discovers our chimney vent
heavy metal fan
discovers our chimney vent
heavy metal fan
Tracy, the blogger over at “Reflections of an Untidy Mind” has just presented the blog-o-sphere with a new once-a-week writing challenge:
Introducing – ta-da! – Corvid – 2020.
You can check out the details here, but basically you’re supposed to post something once a week about modus operandi of the family Corvidae.
Like the Borgia bunch and other nefarious family groups, this is a clan of clever, scheming thieves, including crows, ravens, jays, and magpies. But if you want to say something nice about them, I think that would be okay, too. Even the blackest of families have an occasional white sheep.
The Ragtag Daily Prompt this morning is GRACEFUL
Which immediately makes me think of SWANS. Don’t they always look so graceful when they’re floating serenely in a stream?
Other birds just don’t have the knack.
Which calls to mind an rather ungraceful visitor we had one morning some years ago.
On the wing, a great-horned owl can be a very graceful bird. I’ve read that the owl has a feather construction and placement that allows the predator to fly without a whisper of sound, swooping down with no warning on its prey.
Its efforts on the ground are another matter, rather ungainly, as we were to learn one day.
We’ve often heard a great-horned owl in the woods beside our yard and in the evenings we’d see one flying over the pasture behind our acreage. We’ve heard them and have seen le Grand Duc, (Grand Duke) as the French call it, many times in the tallest bare trees, surveying their domain or looking for some unsuspecting morsel of lunch. One evening we saw two owls in the treetops hooting back and forth to each other, discussing prospects.
One September we could hear a screech or squawk and decided that this noise was coming from a young owl. Then we went away on a five-day trip to visit friends in mid-September, and early on the first morning at home I let our long-haired black cat, Panda, go outside. A few minutes later I was hearing this funny loud peeping or squawk outside, so I glanced out the window and beheld a fascinating sight.
A great-horned owl chick was sitting in our driveway near the car shelter, staring toward the house with its big golden eyes and letting out a screechy sort of peep about once a minute. Fluffy and cute with its pointy “ear tufts,” this young owl looked almost white to me. Our huge black Panda, about the same size and shape, sat silently on our deck eyeing the owl with her big golden eyes.
Were they curious about this odd specimen in front of them? The way it was peeping, you could almost think the chick was lonely and thought Panda might be another owl for company. Or were they sizing each other up, wondering who should eat who? Perplexed as to what should be done about this strange white cat – or black bird, depending on whose viewpoint you took?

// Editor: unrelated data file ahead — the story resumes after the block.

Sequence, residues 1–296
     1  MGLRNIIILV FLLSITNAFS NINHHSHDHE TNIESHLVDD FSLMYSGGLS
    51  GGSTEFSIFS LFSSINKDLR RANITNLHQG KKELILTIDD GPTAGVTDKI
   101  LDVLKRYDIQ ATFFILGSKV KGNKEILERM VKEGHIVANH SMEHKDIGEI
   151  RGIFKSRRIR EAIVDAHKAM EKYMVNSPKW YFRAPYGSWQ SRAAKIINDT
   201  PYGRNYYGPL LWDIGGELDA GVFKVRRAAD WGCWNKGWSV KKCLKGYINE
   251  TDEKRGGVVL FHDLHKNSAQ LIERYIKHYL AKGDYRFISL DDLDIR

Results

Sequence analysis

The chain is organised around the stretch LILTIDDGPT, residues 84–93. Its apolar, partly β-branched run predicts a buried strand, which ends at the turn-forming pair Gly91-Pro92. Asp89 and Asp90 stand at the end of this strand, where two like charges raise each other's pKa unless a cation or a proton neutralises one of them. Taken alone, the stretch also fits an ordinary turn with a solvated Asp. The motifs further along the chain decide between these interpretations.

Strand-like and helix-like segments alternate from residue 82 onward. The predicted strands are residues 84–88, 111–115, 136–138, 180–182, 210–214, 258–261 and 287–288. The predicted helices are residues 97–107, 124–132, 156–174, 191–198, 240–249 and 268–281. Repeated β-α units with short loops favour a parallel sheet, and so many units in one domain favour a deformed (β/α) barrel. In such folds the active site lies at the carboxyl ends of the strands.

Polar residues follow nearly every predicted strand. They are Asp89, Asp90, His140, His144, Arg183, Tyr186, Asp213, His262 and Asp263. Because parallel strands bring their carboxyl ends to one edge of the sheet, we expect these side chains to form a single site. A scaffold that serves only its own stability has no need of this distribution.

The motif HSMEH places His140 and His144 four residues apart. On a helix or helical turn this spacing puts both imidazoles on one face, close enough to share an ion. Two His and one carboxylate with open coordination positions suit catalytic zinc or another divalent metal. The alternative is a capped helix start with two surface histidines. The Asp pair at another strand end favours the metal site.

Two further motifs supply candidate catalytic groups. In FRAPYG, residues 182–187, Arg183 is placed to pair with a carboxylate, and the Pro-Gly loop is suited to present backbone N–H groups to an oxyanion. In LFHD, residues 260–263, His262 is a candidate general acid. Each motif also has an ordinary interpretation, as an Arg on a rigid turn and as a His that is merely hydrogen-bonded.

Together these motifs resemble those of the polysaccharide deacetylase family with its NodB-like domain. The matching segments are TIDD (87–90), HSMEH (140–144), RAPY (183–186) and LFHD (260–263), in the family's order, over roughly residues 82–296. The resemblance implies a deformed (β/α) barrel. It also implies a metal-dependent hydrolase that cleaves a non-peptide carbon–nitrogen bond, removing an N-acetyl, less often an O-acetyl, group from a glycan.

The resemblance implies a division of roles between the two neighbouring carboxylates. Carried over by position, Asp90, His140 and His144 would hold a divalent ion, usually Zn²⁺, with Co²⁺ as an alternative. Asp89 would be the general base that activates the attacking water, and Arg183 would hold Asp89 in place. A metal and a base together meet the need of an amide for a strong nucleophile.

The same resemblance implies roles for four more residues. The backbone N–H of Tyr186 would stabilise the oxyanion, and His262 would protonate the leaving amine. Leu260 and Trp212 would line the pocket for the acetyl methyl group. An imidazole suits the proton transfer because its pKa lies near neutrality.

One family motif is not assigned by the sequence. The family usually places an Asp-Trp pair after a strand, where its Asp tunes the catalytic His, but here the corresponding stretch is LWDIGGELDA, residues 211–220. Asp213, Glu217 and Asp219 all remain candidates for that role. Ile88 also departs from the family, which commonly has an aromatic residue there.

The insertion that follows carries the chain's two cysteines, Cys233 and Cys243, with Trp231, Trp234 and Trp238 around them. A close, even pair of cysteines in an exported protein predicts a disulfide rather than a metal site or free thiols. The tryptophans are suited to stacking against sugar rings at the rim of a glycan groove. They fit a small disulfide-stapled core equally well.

I decided not to take any chances, so I let Panda in and the owl soon got bored sitting there. It proceeded to make its way down the driveway and back again, snapping up grasshoppers as it went. Its “running” was quite amusing and anything but graceful — a kind of waddle-and-hop from side to side as well as forward.
For a couple of hours the owl chick stayed around our yard, entertaining us and eliminating some of the many grasshoppers we had that year. It did the rounds of our garden and lawn, flying up to roost on the clothesline post in between. We never did see it fly away, nor see it again. My husband guessed the chick had made itself to home in our yard while we were away; it must have decided not to come back when people were around.
The Ragtag Daily Prompt today is LOOKING OUT MY FRONT DOOR.
Since we live in a mobile home, with both doors on the same side, the view isn’t any different. However, today we do have a lovely view — with a promise of spring to come. Yesterday morning the temp was -31C first thing; this morning it was -14, so a great improvement. Hubby says it’s +1 C this afternoon. With the sun so bright and warm, our snow is getting soft.
Because we’ve been putting out birdseed, a flock of English sparrows has moved into our trees; we see a lot of them in the caragana bushes outside our front window. As I write this, dozens are scrambling around and under the bird feeder, grabbing what they can.
Come spring when the tree swallows return, I’ll be ready to shoot all these aggressive English invaders before they drive my swallows away. I see a few have already claimed the swallow nest on the garage. By feeding the birds we were actually hoping to attract chickadees and woodpeckers, and one hairy woodpecker does raid the feeder regularly.
I’m not feeling very inspired to write today, so this will have to be a sufficient response. However, while I’m here I’ll mention another writing prompt you might like to try your hand at: Crispina’s Creative Challenge, or CCC. Every Wednesday Crispina Kemp posts a photo as inspiration and you can write up to 150 words, in any genre. Better yet, you have a whole week to do it.
This week’s picture is a rather forlorn old mill. Check it out HERE
The Ragtag Daily Prompt this morning is: LOOKING OUT MY BACKDOOR.
We don’t have the new dusting of snow and hoar frost this morning, but our scenes are as above, all winterish white and gray. The odd magpie and crow visits or flies over now and then to add its own shades to the scene.
However, the other day when I drove out of my yard a huge bird took flight from a tall old tree at the edge of our yard; a second look told me the bird was a bald eagle. As it circled over the field just south of the road I was on, I got a good view of this regal bird.
If you haven’t already, why don’t you pop over and see how various bloggers have responded to this prompt. All bloggers are welcome to write and share their own posts on the topic. LOOKING OUT MY BACKDOOR
Ragtag Daily Prompt this morning: PASTEL